Chinese people tell NBA: freedom of speech isn't an excuse to insult
Note: The following article is taken from a Chinese-language commentary by China Central Television.
The recent remarks made on Twitter by the general manager of the Houston Rockets, Daryl Morey, in support of the violent riots in Hong Kong triggered a huge row in China. The situation worsened when NBA Commissioner Adam Silver defended the remarks by claiming Morey was just exercising his "freedom of expression". But freedom of speech is not absolute: it does not include speech that challenges China's national sovereignty and social stability, and the argument provided by Morey and Silver reflects their contempt for the Chinese people.
NBA Commissioner Adam Silver speaks during a welcome reception for the NBA Japan Games 2019 between the Toronto Raptors and the Houston Rockets in Tokyo, Japan, Monday, Oct. 7, 2019. [Photo: AP]
When addressing Morey's controversial tweet in Tokyo, Silver said "Values of equality, respect, and freedom of expression have long defined the NBA." But equality and respect should be reciprocal, and so far Morey hasn't shown respect for China's sovereignty and national dignity in his remarks on Hong Kong, and Silver failed to act in the spirit of equality by attempting to shield his NBA colleague from criticism.
Silver has also adopted a double standard when it comes to freedom of speech. The NBA commissioner said the league "will not put itself in a position of regulating what players, employees, and team owners say or will not say." But when the former owner of the Los Angeles Clippers, Donald Sterling, made racist remarks during an argument with his girlfriend in 2014, Sterling was banned for life from the NBA, fined 2.5 million U.S. dollars, and forced to sell the team. Silver himself announced the NBA's decision on the matter. But when it comes to an abuse of China's sovereignty, Silver has chosen to adopt another standard for freedom of speech.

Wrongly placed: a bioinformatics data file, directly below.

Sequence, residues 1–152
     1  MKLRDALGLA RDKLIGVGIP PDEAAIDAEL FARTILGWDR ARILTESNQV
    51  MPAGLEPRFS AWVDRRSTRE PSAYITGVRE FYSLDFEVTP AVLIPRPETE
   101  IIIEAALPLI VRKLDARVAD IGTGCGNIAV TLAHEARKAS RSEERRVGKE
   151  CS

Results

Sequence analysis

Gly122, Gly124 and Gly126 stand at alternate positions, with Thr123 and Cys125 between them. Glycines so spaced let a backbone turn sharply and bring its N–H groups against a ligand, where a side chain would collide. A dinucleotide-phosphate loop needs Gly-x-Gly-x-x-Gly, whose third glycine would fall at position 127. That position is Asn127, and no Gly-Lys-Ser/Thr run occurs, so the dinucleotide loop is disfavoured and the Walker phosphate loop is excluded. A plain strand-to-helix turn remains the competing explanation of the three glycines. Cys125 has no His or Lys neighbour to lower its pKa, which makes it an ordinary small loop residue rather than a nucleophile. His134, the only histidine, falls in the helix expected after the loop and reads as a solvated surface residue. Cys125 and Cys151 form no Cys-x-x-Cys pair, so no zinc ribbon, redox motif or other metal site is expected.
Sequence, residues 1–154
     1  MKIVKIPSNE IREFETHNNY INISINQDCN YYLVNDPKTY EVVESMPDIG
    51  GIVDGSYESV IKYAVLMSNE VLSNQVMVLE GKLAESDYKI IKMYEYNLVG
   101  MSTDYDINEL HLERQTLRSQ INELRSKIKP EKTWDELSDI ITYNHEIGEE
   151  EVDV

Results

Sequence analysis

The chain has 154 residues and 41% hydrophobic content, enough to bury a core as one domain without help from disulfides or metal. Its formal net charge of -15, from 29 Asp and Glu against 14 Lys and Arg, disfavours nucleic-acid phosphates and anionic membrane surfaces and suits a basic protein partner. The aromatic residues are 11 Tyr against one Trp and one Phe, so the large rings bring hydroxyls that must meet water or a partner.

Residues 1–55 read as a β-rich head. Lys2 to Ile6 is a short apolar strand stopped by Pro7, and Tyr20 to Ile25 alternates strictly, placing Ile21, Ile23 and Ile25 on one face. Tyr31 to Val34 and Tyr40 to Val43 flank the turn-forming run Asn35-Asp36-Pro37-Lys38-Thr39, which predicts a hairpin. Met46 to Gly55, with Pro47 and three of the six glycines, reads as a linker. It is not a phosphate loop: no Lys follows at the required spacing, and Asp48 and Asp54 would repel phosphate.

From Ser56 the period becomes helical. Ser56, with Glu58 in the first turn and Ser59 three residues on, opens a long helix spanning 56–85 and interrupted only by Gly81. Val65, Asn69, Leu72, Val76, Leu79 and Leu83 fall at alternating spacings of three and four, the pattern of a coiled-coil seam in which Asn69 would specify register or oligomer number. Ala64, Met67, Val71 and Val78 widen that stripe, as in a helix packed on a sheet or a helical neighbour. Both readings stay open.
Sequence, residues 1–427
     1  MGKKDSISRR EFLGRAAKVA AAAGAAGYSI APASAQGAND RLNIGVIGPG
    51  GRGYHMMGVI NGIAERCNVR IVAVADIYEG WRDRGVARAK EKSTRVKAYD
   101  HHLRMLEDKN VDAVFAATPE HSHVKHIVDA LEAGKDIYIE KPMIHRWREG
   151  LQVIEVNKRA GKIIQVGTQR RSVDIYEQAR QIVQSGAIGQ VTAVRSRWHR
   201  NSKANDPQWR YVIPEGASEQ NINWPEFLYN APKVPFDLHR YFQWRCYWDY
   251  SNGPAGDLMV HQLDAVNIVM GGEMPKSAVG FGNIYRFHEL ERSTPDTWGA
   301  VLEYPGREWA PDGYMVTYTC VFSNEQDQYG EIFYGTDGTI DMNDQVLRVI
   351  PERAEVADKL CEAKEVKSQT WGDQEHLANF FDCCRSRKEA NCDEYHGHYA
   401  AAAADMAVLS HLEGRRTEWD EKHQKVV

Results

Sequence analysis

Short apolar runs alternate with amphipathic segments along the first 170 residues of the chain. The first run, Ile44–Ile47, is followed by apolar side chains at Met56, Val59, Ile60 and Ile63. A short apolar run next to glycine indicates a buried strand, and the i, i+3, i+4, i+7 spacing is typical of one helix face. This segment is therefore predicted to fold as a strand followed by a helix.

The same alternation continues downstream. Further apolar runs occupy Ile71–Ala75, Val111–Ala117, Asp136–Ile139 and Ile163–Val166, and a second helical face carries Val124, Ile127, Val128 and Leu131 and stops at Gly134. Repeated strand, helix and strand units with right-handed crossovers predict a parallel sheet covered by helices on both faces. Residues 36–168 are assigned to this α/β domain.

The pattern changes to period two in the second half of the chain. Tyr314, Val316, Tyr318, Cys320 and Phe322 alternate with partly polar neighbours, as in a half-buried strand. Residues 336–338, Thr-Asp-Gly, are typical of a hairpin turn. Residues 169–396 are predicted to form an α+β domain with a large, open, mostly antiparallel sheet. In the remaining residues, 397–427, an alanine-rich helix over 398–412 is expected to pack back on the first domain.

As the first American sports league to tap into China's market, the NBA has enjoyed great success in China over the past three decades. It's also become a bridge for communication between the people in the two countries. But those ties are now at risk, as the league's local partners, including China Media Group's CCTV Sports channel and Tencent, suspend their cooperation with the NBA.
Rome was not built in a day, but it burned in one. If the NBA wants to repair its damaged relationship with China and its legions of basketball fans, it should reflect on the disrespect it has shown towards the country's sovereignty. As China's foreign ministry spokesperson pointed out on Tuesday, "Lacking knowledge of the minds and hearts of the Chinese people while trying to build communication and cooperation won't work."